Four-flowered yellow loosestrife (Lysimachia quadriflora) is a slender, non-woody, flowering plant. It is common in moist and wet prairies across eastern North America. In Minnesota it is found throughout the state except for the Arrowhead region.
When not in flower, the foliage of four-flowered yellow loosestrife is easily overlooked among the taller prairie grasses. The stem is slender and the opposite leaves are narrow, up to 3½″ long but no more than ¼″ wide. The flower arrangement often appears as a whorl of four flowers, each one pointing in a different direction and nodding at the end of a slender stalk. In late summer the flowers are replaced by a shiny, globe-shaped, seed capsule with a long sharp spine at the tip. The capsule ripens in the fall.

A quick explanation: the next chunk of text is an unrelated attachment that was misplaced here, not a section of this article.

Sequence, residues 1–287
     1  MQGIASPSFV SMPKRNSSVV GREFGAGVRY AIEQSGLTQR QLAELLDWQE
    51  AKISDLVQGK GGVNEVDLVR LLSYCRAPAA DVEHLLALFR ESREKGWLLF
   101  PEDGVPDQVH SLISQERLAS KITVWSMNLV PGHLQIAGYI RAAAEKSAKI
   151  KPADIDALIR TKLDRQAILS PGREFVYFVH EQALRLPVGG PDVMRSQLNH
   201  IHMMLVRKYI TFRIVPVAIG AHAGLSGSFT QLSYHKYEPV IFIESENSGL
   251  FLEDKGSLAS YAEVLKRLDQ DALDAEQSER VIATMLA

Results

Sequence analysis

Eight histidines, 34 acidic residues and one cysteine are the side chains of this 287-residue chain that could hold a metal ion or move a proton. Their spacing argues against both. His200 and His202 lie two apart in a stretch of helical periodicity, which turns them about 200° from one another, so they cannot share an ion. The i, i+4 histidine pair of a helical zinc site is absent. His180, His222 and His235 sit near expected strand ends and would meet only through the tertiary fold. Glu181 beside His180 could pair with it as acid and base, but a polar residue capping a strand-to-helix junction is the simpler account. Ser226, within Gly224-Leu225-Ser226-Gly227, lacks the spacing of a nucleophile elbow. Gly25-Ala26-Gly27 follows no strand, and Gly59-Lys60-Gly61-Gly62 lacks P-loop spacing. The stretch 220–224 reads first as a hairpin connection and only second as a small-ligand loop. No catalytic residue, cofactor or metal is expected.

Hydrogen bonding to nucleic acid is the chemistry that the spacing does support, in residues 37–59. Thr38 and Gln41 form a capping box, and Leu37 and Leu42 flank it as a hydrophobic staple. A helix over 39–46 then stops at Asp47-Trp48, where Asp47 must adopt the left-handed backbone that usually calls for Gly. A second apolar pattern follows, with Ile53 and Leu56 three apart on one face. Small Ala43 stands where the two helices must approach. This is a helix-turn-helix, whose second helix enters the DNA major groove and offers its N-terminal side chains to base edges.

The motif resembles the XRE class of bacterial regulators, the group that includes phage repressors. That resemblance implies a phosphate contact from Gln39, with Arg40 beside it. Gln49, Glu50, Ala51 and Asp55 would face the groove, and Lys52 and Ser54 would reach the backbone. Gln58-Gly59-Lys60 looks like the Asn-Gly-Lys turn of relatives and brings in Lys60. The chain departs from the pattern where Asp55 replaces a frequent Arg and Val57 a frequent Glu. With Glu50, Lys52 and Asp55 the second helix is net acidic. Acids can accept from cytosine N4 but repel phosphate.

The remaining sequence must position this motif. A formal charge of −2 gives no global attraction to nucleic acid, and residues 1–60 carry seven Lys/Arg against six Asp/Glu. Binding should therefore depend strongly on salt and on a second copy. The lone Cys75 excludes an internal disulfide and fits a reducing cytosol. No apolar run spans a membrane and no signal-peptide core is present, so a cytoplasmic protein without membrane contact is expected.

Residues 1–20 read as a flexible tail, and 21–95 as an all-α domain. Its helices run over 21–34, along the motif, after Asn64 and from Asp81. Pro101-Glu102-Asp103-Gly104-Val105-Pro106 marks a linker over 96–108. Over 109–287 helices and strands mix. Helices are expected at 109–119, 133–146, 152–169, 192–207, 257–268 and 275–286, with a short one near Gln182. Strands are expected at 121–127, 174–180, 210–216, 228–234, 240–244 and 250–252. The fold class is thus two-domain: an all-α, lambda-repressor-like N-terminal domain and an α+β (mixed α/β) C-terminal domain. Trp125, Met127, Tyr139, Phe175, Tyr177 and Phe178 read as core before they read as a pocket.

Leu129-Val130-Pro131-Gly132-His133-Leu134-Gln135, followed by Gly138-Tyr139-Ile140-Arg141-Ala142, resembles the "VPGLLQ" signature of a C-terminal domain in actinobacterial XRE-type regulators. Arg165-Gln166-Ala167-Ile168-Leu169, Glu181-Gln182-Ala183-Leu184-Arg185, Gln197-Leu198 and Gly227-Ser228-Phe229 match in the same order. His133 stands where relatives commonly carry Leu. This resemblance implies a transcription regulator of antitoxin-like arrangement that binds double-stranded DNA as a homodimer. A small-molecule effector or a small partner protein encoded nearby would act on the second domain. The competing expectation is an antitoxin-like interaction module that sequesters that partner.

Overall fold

Four-flowered yellow loosestrife is identified by the narrow leaves, nodding yellow flowers, and globe-shaped fruit capsule. When in flower, it is similar in appearance to fringed loosestrife (Lysimachia ciliata) and whorled loosestrife (Lysimachia quadrifolia). Both of those species have much wider leaves.